Emerging Scholar Profile: Ramirez Finds That Relationships Remain Key in Psychological and Brain Sciences - Higher Education
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Emerging Scholar Profile: Ramirez Finds That Relationships Remain Key in Psychological and Brain Sciences

by Lois Elfman

In the heady, complex and intense world of neuroscience, Dr. Steve Ramirez thrives on having a research team that finds genuine enjoyment in working together.

For Ramirez, the brain is uncharted territory.

Dr. Steve Ramirez

“It’s that pure excitement of feeling like you’re a scavenger trying to figure out how this thing works,” says Ramirez, whose research aims to redefine how the world understands neurological functions such as post-traumatic stress disorder, depression and dementia.

He is exhilarated about taking on the challenge of exploring how billions of brain cells communicate with each other. Ramirez describes today’s science as a “blossoming era” where ways of listening to the brain and modulating its activity are experiencing breakthroughs.

In the lab, he and his team will explore the novel circuitries that exist in the brain and try to figure out what happens when they break down. One of his goals is to find novel ways of intervening with the brain, ideally noninvasively, and resetting an abnormal brain back to baseline.

As an undergraduate researcher in the lab of Dr. Howard Eichenbaum at Boston University (BU), Ramirez explored ideas and got a sense of what a research scientist does. In graduate school, Dr. Susumu Tonegawa at MIT showed him what it actually means to work as a team and be fearless in asking the questions.

“That’s where I really fell in love with neuroscience, when I saw what it meant to do it with other likeminded people,” says Ramirez.

Camaraderie is a dynamic presence in Ramirez’s research — working together toward discovery, troubleshooting problems and celebrating discoveries collectively. He built his lab at BU with upbeat scientists. Rather than traditional interviews, he engaged people in informal conversations to get to know them.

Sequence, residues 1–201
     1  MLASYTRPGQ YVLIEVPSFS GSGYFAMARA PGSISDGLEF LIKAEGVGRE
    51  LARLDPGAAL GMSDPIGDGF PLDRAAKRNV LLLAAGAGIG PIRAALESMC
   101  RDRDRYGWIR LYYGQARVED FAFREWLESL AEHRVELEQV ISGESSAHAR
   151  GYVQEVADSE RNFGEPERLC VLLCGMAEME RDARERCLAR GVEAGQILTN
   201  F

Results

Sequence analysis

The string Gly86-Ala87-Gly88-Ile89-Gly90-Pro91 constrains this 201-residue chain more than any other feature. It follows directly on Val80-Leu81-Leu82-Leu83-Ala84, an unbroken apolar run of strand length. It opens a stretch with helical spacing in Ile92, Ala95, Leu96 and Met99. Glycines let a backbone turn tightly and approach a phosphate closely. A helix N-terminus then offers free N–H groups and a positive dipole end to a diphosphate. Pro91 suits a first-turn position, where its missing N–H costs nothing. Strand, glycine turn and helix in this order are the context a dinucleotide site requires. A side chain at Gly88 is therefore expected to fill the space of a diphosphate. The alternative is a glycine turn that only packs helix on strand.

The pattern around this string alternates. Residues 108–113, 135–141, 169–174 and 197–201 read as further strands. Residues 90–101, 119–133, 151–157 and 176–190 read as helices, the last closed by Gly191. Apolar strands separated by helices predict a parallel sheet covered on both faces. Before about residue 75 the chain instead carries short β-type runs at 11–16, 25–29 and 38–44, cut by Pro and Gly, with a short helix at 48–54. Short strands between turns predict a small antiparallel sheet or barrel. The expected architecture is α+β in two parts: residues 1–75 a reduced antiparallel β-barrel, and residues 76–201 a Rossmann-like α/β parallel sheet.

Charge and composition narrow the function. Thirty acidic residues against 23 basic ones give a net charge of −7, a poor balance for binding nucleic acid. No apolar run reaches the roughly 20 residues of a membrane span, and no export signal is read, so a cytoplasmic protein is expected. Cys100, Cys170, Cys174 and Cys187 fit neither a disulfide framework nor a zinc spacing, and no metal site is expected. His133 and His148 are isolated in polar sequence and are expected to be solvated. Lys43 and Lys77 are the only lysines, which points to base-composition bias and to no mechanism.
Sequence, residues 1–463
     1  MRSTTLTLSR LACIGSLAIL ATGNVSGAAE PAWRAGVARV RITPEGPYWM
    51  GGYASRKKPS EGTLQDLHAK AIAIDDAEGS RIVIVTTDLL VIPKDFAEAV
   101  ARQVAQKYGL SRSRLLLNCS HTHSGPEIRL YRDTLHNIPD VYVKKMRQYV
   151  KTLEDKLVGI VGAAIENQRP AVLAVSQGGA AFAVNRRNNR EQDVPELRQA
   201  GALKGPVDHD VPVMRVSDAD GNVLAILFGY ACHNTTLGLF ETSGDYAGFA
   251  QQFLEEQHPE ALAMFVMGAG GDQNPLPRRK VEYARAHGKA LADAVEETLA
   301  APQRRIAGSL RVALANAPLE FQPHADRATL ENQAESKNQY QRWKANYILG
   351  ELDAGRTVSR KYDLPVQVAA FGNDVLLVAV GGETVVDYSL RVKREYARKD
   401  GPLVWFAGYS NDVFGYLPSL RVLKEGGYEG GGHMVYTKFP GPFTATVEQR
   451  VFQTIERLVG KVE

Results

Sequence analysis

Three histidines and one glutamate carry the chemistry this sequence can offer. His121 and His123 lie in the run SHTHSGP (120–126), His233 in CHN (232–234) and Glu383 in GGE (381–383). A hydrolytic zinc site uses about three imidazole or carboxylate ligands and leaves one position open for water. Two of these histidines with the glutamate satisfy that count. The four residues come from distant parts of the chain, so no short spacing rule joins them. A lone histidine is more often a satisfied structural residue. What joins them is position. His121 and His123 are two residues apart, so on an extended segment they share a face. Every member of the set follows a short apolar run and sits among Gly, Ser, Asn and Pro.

Personal fulfillment and connections are of great value. It was important to Ramirez to find a position in the Boston area so he could remain near family and friends. He describes his parents and siblings as optimists who provide emotional support. When you’re surrounded by that mentality, it’s easier to push through the disappointments that occur in research science, he says.

“If I’m happy in my real world daily routine, that’s going to trickle down to the lab,” he notes.

If an experiment fails, Ramirez says it is worth talking to other people who’ve gone through similar situations who can empathize and offer encouragement.

“There is a real human element that goes into the heart of what it means to do science,” Ramirez says. “As academics, we kind of ignore it a lot, but by embracing that humanity component, it’s easier to stay upbeat.”

Ramirez loves to attend an annual symposium held by National Geographic, where people come from all over the world to present research. Hearing about the diverse and complex research invigorates him.